5 Practices for a Healthy Relationship with Yourself | The BridgeMaker

5 Practices for a Healthy Relationship with Yourself

By on Jan 07, 2014


relationship with yourself

The most powerful relationship you will ever have is the relationship with yourself. – Steve Maraboli

Our relationship with ourselves influences every aspect of our lives—but it took me a long time to recognize this. Having spent years trying to fix things on the outside, trying harder at work, focusing on my relationships with other people, and living as busy and productive a life as possible, the penny finally dropped.

I knew I could grow more, do more, and be more, but something was missing.

Although I started pursuing personal development to make my external life better, I quickly learned that this wasn’t going to happen until I had nurtured another missing key ingredient: self-connection.

If we don’t have a good relationship with ourselves, then we’re unlikely to be happy, unlikely to achieve our deepest goals and desires, and unlikely to live to our full potential.

It takes time to develop any deep and intimate relationship, whether that’s with ourselves or others, and I’ve found the following five practices useful to kickstart this process.

1. Journaling

When we journal, we hold a conversation with ourselves—and what better way to get to know someone than through talking with them?

When it comes to journaling, the important thing to remember is that there is no “right” or “wrong” way to do it. If you’re starting out, simply grab a piece of paper or open up a blank screen and start writing down whatever you happen to be thinking about at that moment.

2. Tuning in

Our physical sensations are just as important as (and intrinsically linked to) our emotions. In fact, our emotions often show up as physical sensations, such as the tingling of butterflies in the stomach or the intense pain of a broken heart.

Disconnection from ourselves doesn’t just involve our feelings; it applies to our bodily experiences too. To cultivate a deeper physical connection with yourself, try setting several timers during the day. When they go off, check in with your body to see where you’re holding tension; over time, you’ll learn the language of your body and develop a deep understanding of it.

3. Breathing

Our breathing is unconscious and, while this has some major advantages (we don’t want it to stop!), it means that sometimes we lose track of how our breathing is affecting the way we feel.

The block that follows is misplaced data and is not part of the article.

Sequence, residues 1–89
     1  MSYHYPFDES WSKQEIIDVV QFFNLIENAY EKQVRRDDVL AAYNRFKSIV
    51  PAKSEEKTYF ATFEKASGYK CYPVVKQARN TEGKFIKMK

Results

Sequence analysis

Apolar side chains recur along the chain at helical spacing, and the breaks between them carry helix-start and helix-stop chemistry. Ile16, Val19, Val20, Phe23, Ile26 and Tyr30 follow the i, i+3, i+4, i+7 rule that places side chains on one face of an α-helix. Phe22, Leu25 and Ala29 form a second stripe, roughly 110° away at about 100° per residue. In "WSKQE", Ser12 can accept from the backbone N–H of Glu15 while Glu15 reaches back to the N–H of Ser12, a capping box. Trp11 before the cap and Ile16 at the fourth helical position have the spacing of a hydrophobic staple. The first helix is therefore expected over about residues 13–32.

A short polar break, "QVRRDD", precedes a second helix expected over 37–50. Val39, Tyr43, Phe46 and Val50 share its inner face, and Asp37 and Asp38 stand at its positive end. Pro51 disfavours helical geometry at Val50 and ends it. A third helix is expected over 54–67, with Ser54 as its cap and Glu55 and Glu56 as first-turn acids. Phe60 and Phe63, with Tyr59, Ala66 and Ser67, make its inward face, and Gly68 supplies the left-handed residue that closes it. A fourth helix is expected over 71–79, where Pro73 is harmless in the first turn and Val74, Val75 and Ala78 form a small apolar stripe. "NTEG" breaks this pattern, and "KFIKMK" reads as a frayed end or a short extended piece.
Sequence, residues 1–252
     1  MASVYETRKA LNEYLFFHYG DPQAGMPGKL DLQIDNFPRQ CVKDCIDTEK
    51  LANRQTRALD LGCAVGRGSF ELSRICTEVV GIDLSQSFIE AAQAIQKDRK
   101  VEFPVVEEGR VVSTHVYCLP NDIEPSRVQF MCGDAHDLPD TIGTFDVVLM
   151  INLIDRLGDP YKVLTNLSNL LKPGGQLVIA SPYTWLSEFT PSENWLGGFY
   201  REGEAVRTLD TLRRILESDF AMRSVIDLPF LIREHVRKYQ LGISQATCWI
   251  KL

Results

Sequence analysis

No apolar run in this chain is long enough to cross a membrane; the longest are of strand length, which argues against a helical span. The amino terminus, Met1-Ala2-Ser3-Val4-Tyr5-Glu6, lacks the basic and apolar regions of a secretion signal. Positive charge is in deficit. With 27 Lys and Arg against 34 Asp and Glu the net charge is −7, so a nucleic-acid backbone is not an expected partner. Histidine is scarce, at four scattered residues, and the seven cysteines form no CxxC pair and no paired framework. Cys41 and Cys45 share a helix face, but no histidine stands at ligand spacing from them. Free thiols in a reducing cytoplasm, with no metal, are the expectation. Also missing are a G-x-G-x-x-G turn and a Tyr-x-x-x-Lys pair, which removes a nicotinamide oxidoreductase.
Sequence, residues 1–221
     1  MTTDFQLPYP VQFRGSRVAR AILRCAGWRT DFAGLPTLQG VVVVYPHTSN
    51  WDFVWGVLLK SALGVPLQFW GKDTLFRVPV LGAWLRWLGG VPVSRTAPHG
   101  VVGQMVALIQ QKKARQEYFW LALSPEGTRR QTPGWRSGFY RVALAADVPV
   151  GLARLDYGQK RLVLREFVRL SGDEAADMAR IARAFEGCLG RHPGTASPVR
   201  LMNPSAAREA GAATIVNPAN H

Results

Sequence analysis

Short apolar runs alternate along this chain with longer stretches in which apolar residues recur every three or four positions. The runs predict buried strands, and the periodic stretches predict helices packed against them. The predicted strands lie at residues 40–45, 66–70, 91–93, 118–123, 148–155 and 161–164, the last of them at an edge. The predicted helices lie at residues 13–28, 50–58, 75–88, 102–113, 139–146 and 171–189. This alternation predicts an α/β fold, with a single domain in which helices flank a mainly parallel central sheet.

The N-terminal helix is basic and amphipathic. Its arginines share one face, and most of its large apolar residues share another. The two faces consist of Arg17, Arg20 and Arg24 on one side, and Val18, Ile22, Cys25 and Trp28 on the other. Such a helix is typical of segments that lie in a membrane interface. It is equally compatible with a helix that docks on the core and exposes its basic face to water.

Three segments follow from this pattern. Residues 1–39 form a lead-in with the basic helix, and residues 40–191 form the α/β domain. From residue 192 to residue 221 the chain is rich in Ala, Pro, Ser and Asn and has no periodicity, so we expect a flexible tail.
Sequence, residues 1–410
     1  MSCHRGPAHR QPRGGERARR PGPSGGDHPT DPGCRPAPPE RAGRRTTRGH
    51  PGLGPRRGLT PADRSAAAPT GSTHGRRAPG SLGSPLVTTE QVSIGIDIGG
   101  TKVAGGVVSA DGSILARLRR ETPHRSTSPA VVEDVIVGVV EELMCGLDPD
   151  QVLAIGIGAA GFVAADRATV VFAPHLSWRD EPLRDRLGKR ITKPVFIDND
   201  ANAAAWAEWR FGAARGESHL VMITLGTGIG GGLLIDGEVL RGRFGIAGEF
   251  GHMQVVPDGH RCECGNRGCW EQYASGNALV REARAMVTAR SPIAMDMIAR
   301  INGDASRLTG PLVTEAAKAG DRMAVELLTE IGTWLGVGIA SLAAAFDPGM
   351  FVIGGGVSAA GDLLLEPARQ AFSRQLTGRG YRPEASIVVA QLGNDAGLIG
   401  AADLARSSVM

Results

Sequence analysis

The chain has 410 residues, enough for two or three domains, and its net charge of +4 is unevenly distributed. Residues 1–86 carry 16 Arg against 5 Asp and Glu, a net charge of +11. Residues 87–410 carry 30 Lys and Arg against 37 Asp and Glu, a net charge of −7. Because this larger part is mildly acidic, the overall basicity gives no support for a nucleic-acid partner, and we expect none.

When we pay attention to our breathing, we reconnect to our emotional and physical sensations. We also learn how one affects the other; when we are tense, our breath tends to be shallow and fast, which makes us more tense. When we learn how to notice this and slow our breath down, we can help ourselves feel more relaxed.

4. Self-compassion

Many people view compassion as a personality trait, but it’s also a skill we can practice. As Kristin Neff explains in her excellent book, Self-Compassion (Hodder, 2011), the more self-compassion we have, the more likely we are to try new things, to challenge ourselves, and to grow.

Self-compassion is really about extending the same kindness and care to ourselves that we extend to other people. Next time you find yourself feeling low, having a difficult day, or struggling with something, ask yourself: “What would I say to a good friend in this situation?” and offer yourself the same treatment.

5. Possibility sessions

As you deepen your relationship with yourself, make time to explore new possibilities that occur to you as a result. We often stop ourselves dreaming big by talking ourselves down as soon as an idea pops into our heads.

Set aside time to sit down with a pen and paper and ask yourself: “If [insert obstacle here] wasn’t a problem, what would I be doing right now?”

The more you can practice dreaming without discounting, the closer to reality those dreams will become.

Hannah Braime is the founder of Becoming Who You Are, where you can find tools and resources that will calm your inner critic and nourish your inner cheerleader. She is a self-relationship coach and author of two books on journaling and self-care. Visit www.becomingwhoyouare.net to get the free ebook "The Five Most Common Blocks to Authentic Living… and How to Overcome Them."

  • Very well done, Hannah.

    I’ll add mine…I write my appreciations every night. As part of that I write things I like about myself…and things I like about at least five other people. It’s a great way to get out of your own ego and headspace. And…BONUS points for writing about someone I’m in conflict with, and can find the good qualities we all have. 🙂

  • Hannah, such a great post.

    This is something I just realized this past year and I forever changed because of it. I simply learned to be selfish, in a good way. All too often we are so focused on the external, we forget about taking care of ourselves; emotionally and spiritually. We may think we are, but we aren’t totally self-aware.

    I am such a firm believer in that you need to take care of yourself first before you can truly give yourself to others. When you truly commit to self-connection, you not only notice a change in yourself, but the relationships and experiences around you become deeper and more fulfilling. Journaling and reflecting have become daily habits for me and I feel it’s something our souls crave. To open up and just pour out our thoughts, emotions, ideas, etc. I feel so much lighter after each entry. Great post and congratulations on finding that thing.

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